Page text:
But we also had some of our bedroom furniture in the dining room because it wouldn’t fit in our room. Our exercise bike was right there in the living room. If you weren’t careful when you came in at night, you’d run right over my sons’ Little Tikes workbench. The carpet had spots in it when we moved in – and we were the first people to live there. That only became more pronounced with a cat and two kids.

About a year-and-a-half ago, we finally left the condo years behind us. One thing we knew for sure: we didn’t want to get stuck again, so we found a rental house, knowing that if it was horrible, we could get out at any time.

So we now have a huge lawn, where the kids can play. We have a garage, where we can store things like the exercise bike and all the stuff we kept in storage – and even a car. We have a bedroom for each kid. Our furniture is all where it belongs.

We also have a tile floor that’s awful in different ways than our old, spotty carpet. We only have one tree, and it doesn’t provide any shade for the house, so the A/C runs constantly in the summer. Plus no ceiling fan in our room. The kids have fans – why can’t we? The house is older, so our kitchen (like Melton’s) is outdated. Our fridge is smaller and doesn’t have an ice maker. I mean, I have to fill ice trays and put them in the freezer myself – we’re talking prehistoric, here.

My lovely fridge.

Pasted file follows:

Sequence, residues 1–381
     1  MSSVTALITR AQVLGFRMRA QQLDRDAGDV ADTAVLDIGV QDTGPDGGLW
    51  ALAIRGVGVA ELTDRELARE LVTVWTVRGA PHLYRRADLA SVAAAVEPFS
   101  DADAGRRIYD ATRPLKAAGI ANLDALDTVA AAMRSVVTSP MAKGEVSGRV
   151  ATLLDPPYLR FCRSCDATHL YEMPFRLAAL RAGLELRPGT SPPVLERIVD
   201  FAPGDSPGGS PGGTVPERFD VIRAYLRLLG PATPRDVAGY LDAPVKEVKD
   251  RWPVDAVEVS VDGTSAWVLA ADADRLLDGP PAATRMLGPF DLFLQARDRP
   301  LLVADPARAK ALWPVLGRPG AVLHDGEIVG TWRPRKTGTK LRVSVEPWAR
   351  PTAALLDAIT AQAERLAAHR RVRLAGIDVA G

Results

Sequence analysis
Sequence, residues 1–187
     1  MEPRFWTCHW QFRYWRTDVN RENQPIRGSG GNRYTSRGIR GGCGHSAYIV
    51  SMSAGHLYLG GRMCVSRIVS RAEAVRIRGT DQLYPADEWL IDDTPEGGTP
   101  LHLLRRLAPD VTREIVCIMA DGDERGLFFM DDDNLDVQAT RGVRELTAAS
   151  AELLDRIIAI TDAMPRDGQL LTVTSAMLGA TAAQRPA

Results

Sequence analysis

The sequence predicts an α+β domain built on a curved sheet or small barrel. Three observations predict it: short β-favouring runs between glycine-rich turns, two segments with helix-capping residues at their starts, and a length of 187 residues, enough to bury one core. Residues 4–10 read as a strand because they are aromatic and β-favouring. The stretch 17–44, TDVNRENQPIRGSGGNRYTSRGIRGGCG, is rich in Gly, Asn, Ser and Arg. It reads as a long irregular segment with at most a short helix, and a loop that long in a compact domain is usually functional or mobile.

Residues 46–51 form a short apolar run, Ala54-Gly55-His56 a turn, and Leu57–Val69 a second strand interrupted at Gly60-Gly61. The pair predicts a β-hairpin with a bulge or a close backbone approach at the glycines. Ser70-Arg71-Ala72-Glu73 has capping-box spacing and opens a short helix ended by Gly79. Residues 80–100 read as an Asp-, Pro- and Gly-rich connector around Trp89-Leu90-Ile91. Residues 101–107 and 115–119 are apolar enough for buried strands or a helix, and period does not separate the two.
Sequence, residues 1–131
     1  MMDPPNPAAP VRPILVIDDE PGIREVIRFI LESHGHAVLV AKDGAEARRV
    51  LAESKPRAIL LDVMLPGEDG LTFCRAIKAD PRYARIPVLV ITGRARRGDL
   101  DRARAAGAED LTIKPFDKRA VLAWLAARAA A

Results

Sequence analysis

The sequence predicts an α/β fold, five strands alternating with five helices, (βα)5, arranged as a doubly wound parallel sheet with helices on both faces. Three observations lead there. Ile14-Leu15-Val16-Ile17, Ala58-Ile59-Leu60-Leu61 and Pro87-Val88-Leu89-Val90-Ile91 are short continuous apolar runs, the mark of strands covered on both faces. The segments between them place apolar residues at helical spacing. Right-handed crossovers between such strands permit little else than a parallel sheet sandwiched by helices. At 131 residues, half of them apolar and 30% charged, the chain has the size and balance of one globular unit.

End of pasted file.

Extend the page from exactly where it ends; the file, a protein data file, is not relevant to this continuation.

My lovely fridge.

But you know what? I kind of like our fridge. It has pictures of our family all over it. It displays my six-year-old’s latest artwork. It’s covered in magnetic letters that my two-year-old identifies every time he gets a Gogurt.

Our grass is thick and green, even in winter, and we’ve had two beautiful hawks visit our backyard, plus dozens of smaller birds, squirrels, and even a little snake that keeps us rodent-free. Wildlife is not something my kids got to enjoy at the condo. And the lizards – oh my gosh, you’d think that my cat was in heaven. She sits by the sliding glass door and tracks them all day long.

Although there were times that I thought I would somehow be fulfilled if we got a bigger place – and I do appreciate that aspect of where we live now – it took moving out to appreciate the positive attributes of each of our previous homes. Just because we lived in a little condo through most of our 20s doesn’t mean our 20s were somehow lesser because of it.

As I look around my house, much as Melton looked around her kitchen, I see that we not only have enough, but we have more than enough to live and to thrive. Sure, I still dream about another house. Nothing specific, just bigger than what we have now – but do you know why? Not because I want to have one of those HGTV dream kitchens or an in-house theatre or any of that. I would love a bigger kitchen, where we can cook and bake without tripping over each other. And an extra bedroom or two would be nice, so we can host our out-of-town family. And bookshelves, of course. I would love to have a place for our books, where someone can see all the titles and say, “This is a great book!” or “Can I borrow this one?”

Biltmore Estate

We do NOT live here 🙂 (Photo credit: Wikipedia)

But you know what? Say that dream home never happens. Say that we are “stuck” here for seven, ten, twenty years…

Although not ideal, if this is the last place I live, I don’t think I’m going to go to my grave feeling cheated. Because it’s not a new fridge or a bonus room that will make me happy at the end of the day. I hope that I’ll be able to look back on my life and remember the relationships and the silliness and the joy rather than the headaches and stress that come with always trying to upgrade, to keep up, to become whatever it is that the commercials and TV shows would have you believe gives true happiness.